Cells from confluent A. castellanii cultures were collected by centrifugation at 320 x g for 10 min. J774.14 macrophage-like cells were also collected by centrifugation after growth to confluence; however, they were spun at 320 x g for 7 min. Cell pellets were washed three times with PBS. Resuspended pellets (108 cells in 10 mL) of A. castellanii, macrophages, or aliquots of Fetal Calf Serum (FCS) were each incubated with a mixture of chloroform and methanol (2∶1 v∶v) for 2-3 h on a bench top rocker at room temperature. The samples were then centrifuged for 10 min at 1100 x g for phase partitioning and the three phases obtained (upper, interface, and lower) were collected and dried overnight in a vacuum centrifuge (Eppendorf, Hauppauge, NY, USA). Interface and upper phase lipid fractions were resuspended in PBS. Lower phase lipid fractions were resuspended in Dimethyl sulfoxide (DMSO).
Capsular enlargement assay upon fractionation
After resuspension, the amoeba and macrophage extracts were tested in capsular enlargement activity assays with C. neoformans strains 24067 and H99 and serum extracts were added as well for the tests with C. neoformans strains H99, plb1, and plb1REC1. For each activity assay, C. neoformans cells were washed, counted, and resuspended at 1×106 cells/mL in PBS. A 1 mL volume of the cell suspension was added to each well of a 6-well plate. An additional 1 mL of PBS, and 1×106 of A. castellanii cells, were always added to the first and second wells, respectively. In general, 1 mL of a solution of the fraction to be tested was added to each of the subsequent wells, with the concentration determined by the particular experiment. The plates were incubated at 28°C overnight, 24 or 48 h and capsule volume was measured using India ink staining (described above).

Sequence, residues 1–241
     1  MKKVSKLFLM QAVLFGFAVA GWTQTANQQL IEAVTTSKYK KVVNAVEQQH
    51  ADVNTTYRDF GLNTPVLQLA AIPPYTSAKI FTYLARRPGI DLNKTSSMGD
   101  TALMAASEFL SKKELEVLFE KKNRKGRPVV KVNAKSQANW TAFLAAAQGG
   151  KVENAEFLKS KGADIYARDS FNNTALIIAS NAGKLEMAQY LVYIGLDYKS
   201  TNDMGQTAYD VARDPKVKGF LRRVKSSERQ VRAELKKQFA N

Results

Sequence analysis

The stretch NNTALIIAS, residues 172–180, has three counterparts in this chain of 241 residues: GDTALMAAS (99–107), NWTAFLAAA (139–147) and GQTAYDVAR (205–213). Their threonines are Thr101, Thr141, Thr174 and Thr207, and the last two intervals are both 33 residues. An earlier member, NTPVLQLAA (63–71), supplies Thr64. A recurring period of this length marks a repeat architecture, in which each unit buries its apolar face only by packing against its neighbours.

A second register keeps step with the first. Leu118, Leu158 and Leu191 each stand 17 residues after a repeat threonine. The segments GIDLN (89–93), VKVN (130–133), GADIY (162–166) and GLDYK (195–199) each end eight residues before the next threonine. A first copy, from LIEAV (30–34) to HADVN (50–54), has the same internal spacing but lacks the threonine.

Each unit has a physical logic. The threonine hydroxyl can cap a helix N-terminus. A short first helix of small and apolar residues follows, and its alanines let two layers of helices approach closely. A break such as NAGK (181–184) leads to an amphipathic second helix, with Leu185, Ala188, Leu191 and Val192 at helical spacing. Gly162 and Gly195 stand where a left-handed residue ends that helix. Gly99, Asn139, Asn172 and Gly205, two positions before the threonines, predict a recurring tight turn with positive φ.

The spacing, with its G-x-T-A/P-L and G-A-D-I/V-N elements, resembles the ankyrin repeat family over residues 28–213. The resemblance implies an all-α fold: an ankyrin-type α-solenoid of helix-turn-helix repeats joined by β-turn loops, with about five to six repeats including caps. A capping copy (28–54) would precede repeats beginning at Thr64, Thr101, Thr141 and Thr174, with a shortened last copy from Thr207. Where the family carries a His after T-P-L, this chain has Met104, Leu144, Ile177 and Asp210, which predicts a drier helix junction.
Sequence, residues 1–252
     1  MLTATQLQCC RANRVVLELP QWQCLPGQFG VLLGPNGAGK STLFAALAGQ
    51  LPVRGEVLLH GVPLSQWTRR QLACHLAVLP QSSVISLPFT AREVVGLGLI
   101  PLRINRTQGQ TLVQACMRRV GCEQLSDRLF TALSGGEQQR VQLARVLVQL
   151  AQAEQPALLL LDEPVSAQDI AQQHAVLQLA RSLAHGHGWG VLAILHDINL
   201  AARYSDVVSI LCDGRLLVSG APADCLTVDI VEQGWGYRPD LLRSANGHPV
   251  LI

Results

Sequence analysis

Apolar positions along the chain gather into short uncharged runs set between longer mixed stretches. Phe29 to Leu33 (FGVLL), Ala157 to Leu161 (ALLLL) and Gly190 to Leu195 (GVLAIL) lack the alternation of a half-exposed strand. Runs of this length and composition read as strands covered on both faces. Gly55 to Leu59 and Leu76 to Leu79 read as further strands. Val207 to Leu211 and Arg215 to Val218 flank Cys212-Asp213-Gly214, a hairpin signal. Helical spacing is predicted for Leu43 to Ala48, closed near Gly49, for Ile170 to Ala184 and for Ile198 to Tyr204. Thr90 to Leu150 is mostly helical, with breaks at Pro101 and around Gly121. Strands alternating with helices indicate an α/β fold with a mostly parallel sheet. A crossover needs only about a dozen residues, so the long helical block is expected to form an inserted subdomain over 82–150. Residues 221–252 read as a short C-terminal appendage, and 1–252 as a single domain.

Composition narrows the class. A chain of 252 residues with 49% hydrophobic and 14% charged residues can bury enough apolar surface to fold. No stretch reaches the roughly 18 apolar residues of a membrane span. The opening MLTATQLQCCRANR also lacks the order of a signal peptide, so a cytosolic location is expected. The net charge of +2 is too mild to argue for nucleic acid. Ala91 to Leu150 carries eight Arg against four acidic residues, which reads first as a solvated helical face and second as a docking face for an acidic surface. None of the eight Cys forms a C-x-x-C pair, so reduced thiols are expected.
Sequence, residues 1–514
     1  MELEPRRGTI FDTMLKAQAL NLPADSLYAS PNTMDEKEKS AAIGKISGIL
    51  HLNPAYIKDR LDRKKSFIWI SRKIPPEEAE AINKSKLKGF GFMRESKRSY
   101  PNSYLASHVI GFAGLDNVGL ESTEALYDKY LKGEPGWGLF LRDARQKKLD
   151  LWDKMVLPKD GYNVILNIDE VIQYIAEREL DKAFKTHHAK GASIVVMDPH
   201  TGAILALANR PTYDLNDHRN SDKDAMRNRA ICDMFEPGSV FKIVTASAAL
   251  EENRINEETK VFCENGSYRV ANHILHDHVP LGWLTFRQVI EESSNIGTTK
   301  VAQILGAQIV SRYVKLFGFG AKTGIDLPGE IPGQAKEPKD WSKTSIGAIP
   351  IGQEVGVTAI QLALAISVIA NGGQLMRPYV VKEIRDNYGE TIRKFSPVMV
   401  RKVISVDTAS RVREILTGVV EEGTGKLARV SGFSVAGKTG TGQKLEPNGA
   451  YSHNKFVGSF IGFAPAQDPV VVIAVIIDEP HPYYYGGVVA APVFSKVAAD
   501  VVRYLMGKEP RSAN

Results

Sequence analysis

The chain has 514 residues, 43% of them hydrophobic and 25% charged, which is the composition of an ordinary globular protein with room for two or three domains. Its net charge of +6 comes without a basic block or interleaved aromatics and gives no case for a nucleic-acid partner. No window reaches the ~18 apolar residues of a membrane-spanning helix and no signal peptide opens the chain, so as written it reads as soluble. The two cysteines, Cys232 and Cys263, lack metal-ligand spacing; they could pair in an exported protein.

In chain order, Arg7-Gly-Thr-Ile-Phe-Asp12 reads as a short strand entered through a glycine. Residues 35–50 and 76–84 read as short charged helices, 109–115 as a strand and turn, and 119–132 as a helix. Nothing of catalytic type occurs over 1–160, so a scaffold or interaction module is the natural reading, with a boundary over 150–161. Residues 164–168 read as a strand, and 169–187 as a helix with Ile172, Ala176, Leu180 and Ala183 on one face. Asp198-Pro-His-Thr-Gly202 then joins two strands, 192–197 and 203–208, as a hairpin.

Requirement of phospholipase activity for capsule enlargement
In addition to strains 24067 and H99, experiments were performed with C. neoformans strains H99, plb1, and plb1REC1 to determine the effect of phospholipase B deficiency on the ability to respond to co-incubation with amoeba extracts . Strains H99, Δisc1, and Δisc1REC were tested to determine the effect of phospholipase C deficiency on the ability to show activity .
Stability of the capsule-inducing amoeba polar extract